Modernistic effects in furniture and architecture are being used with a vengeance by Metro-Goldwyn-Mayer in Joan Crawford’s new picture.  Weird beds, almost on the floor, have little woodwork frame save foot-high boards which conceal the springs and do away without the conventional legs of a bed.  These are set against a wall whose only ornamenting is the shape of the doors.  Black statues set against gold papered panels from the ornamental note. The whole thing is being photographed under the huge new incandescent lights.

(Extract from a 1928 Studio Press Release for MGM’s Our Dancing Daughters)

Our Dancing Daughterswas the first in a trilogy of films designed under the auspices of Head of Art Direction at MGM, Cedric Gibbons (1893-1960).  The other films in the trilogy being Our Blushing Brides (1928) and Our Modern Maidens (1929). His high style, Art Deco inspired, set designs were befitting to the…

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Warning – spoilers below the jump.

I would be remiss if i didn’t mention last Sunday’s first season 3 episode of Downton Abbey. The whole cast is back for more drama, a wedding, (more…)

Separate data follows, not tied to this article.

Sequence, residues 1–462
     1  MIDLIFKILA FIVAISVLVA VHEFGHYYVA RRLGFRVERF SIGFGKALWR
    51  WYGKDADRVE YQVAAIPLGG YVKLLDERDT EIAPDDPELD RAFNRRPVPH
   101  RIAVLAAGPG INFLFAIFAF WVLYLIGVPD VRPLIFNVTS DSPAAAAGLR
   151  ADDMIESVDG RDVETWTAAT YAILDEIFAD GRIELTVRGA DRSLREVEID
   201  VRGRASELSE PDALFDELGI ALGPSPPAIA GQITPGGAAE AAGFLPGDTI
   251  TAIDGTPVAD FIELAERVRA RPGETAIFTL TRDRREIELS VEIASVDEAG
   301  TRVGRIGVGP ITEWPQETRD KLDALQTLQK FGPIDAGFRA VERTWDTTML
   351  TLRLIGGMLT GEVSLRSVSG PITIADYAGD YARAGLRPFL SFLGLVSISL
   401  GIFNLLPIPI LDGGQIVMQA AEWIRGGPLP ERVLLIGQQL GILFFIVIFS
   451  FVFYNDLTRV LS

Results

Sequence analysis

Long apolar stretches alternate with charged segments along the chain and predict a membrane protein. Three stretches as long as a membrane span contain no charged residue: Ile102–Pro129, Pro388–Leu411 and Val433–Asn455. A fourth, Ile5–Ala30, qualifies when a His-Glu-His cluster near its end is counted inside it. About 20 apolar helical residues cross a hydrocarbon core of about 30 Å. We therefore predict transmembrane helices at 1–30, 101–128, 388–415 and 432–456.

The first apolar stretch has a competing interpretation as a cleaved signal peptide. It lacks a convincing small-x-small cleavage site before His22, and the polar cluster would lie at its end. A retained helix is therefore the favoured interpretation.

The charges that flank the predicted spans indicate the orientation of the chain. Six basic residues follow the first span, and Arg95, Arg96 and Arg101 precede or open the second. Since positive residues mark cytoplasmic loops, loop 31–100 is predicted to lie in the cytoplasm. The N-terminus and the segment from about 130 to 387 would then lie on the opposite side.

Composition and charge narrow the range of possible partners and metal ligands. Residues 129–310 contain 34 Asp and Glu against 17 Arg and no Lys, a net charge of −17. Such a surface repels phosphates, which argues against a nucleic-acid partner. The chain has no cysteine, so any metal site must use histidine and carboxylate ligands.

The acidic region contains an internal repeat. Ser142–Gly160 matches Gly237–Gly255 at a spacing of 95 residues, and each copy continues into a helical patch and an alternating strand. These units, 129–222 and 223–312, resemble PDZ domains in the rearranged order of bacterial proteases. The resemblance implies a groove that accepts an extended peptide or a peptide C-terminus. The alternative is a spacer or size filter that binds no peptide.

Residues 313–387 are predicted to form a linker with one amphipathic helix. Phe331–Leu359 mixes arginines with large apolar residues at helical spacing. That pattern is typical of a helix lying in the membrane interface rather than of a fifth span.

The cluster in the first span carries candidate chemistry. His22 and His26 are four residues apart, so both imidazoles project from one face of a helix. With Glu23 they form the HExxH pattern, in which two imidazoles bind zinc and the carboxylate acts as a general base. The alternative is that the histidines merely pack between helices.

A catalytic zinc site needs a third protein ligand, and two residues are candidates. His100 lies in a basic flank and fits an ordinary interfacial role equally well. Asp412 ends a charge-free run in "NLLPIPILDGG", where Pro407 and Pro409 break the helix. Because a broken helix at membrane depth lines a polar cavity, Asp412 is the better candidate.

Corsets come in many shapes, from long line, to gusseted, to modern and many variations between. The universal point of corsetry is to shape the body and provide a foundation for the garments, whether that shape is flattened and lifted, the cylindrical shape of a Renaissance corset or the slimming, bulge free, pointy breasted look of a Merry Widow. This  image gives you an idea of the variations in just a 20 year period, from 1900 – 1919.

Not all corsets are created equal. Not by a long shot. There are some specialized materials and techniques that go into the making of a corset. Most corsets require a busk, which is a particularly shaped front piece that holds that part of the corset flat. There are spoon busks, wooden, horn and split busks with knobs and loops for front opening corsets. The corset will have some kind of boning or stiffening. This can be spring steel bones, plastic, whale bones, reeds, or cording. Some people substitute heavy-duty zip ties with the end parts removed. Farthingales is one of the most complete sources for corset making supplies.